Earlier this year, Boston Dynamics showed the world they were close to commercialising their Spot Mini Robot. Leaving many wondering which industries they might have in mind beyond a ‘courier’ service?
Finally, Boston Dynamics released a new video, this time showing Spot traversing a construction site complete with a surveying payload. With a calm and steady demeanour, it navigates obstacles and stairs, all the while without damaging the surroundings. It can even be seen using its extendable arm to capture more detailed inspection information.
Video via Boston Dynamics YouTube.
Weighing 30kgs (with the arm), Spot is capable of a 14kg payload. Given that even the largest of portable laser scanners are upwards of approximately 5-6kg this should be more than enough. And this is where the Spot’s existence makes sense; robots as a platform.
Fitting the Spot with a variety of hardware attachments, it is capable of carrying out the more routine and laborious on-site tasks. And doing so in areas which may temporarily be too dangerous for human movements.
Some of the tasks we might expect Spot performing in the future are:
- Progress laser scanning for as-built to as-designed comparative analysis.
- Facial recognition identifying unauthorised people; expired site induction certificates.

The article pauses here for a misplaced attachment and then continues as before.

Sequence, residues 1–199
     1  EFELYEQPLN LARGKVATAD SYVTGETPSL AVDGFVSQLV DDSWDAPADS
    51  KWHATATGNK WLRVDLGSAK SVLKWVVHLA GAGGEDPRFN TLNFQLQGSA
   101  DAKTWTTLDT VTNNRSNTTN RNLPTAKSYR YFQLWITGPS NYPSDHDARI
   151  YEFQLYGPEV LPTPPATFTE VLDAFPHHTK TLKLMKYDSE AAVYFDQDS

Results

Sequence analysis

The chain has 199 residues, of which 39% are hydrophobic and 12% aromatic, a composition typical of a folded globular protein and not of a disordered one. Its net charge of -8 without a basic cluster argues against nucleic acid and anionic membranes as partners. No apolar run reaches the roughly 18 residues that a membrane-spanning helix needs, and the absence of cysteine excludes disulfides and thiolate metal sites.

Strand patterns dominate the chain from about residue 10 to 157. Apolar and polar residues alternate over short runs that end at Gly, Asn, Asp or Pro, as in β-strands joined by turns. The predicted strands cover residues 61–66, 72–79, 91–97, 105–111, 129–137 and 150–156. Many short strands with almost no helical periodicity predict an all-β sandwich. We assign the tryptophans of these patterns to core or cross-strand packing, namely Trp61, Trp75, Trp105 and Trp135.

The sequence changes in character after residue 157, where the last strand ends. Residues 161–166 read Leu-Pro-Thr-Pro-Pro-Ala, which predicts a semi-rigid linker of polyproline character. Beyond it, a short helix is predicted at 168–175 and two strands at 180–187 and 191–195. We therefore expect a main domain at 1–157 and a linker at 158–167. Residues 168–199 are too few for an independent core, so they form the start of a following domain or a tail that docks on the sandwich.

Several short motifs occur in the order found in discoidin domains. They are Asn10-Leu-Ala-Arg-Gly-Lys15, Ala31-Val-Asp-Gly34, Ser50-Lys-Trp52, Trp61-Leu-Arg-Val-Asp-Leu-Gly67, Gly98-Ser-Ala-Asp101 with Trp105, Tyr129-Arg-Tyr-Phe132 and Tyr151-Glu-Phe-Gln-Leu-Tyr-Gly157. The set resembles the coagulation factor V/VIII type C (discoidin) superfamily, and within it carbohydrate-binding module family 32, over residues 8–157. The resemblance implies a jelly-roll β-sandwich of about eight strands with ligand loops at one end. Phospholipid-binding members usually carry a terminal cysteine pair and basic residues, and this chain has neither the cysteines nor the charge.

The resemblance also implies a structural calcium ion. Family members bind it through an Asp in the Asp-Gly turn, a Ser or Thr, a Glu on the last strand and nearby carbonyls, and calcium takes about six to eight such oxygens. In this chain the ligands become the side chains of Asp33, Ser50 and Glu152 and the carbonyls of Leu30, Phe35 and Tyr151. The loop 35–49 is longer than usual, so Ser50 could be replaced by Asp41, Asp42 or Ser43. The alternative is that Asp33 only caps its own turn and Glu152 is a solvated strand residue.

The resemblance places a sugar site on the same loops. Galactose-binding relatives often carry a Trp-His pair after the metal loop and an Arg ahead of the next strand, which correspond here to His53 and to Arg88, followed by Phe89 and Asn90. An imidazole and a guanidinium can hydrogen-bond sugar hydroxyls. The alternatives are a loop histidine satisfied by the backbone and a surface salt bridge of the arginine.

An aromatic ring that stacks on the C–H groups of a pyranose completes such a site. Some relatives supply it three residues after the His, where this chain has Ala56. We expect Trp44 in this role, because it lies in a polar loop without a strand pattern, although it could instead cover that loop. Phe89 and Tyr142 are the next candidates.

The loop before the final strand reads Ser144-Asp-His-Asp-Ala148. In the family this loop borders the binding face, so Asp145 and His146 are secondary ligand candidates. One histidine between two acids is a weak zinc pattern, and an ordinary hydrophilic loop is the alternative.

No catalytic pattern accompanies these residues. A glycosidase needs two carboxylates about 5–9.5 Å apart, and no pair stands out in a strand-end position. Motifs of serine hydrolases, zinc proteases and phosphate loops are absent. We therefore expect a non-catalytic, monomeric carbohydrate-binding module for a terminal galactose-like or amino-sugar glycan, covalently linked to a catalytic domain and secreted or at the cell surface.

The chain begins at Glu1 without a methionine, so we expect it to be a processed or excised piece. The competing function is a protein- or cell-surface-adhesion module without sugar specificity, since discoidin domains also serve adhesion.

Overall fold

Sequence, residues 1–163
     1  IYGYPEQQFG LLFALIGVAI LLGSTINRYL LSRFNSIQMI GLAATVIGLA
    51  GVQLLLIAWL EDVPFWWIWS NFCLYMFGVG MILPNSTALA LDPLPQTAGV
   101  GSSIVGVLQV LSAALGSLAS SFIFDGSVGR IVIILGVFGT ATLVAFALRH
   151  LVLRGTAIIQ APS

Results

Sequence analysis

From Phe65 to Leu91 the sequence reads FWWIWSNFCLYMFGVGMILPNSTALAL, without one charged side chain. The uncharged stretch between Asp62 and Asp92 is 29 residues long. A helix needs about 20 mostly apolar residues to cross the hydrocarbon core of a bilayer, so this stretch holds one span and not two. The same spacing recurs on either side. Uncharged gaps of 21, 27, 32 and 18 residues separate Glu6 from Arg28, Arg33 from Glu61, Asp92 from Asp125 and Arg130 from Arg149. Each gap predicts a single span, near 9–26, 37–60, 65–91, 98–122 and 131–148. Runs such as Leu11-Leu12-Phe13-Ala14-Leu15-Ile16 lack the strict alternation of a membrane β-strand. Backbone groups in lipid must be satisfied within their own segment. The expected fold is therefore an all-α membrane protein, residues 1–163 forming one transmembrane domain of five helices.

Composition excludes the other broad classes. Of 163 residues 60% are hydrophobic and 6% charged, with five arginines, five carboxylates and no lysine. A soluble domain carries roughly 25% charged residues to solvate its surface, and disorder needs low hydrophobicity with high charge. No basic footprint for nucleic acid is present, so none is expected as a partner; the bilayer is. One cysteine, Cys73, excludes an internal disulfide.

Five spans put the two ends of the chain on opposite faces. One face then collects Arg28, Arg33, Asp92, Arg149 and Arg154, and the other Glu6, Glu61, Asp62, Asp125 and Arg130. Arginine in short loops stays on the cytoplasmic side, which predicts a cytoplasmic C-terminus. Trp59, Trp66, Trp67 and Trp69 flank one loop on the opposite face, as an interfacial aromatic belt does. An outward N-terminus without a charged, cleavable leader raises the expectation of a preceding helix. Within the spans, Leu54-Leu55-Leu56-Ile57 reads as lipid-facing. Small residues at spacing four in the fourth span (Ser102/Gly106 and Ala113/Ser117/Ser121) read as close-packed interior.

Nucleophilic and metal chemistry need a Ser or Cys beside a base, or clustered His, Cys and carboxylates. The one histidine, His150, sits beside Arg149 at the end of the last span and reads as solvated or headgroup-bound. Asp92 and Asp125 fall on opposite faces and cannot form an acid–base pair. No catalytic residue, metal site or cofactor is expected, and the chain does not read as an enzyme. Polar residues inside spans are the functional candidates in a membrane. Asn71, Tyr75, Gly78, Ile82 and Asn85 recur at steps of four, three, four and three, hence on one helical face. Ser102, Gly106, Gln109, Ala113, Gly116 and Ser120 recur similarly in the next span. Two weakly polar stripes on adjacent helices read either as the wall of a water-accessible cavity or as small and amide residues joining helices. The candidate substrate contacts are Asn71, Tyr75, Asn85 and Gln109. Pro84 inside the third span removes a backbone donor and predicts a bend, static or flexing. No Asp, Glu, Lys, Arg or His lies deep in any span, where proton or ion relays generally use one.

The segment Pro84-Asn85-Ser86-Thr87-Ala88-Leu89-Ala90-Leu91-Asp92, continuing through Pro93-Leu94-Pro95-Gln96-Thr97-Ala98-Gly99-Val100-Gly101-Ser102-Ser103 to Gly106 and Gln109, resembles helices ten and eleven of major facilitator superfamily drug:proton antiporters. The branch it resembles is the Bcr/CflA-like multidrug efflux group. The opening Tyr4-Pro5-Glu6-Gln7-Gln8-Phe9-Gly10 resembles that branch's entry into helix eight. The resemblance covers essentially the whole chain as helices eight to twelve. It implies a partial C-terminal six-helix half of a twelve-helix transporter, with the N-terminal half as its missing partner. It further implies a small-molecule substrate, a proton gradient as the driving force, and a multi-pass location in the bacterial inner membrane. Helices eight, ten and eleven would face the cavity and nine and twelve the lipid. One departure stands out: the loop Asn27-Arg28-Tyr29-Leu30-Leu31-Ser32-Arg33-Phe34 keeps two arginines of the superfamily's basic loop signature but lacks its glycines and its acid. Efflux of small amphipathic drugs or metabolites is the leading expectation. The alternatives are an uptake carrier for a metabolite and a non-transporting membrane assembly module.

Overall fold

- Real-time streaming of remote site inductions.
- Identifying work health and safety issues, regarding both people and equipment.
- Equipment location identification and tracking.
- Asset installation and commissioning progress; think barcode scanning.
- Night-time roaming security guards.
- Materials handling.
The exciting part is that many of the above features already exist on various software platforms, some of which include their own artificial intelligence processing. But what they lack is capturing autonomy.
For example, take the Smartvid.io and Autodesk BIM 360 platforms. The former analyses site photo data for safety issues, then syncing with the latter for user assignment and rectification. Using these platforms Spot could be sent out multiple times daily. Integration could potentially go as deep as leveraging the BIM data for Spot’s navigation.
The age of artificially intelligent robots is just around the corner. While multirotor drones are often seen as intrusive, noisy, have safety concerns, and most can’t go indoors, our new four-legged ’employees’ might be the right solution at the right time. This, and whether they should be paying a robot tax?
Boston Dynamics are set to commercially release Spot in the second half of 2019.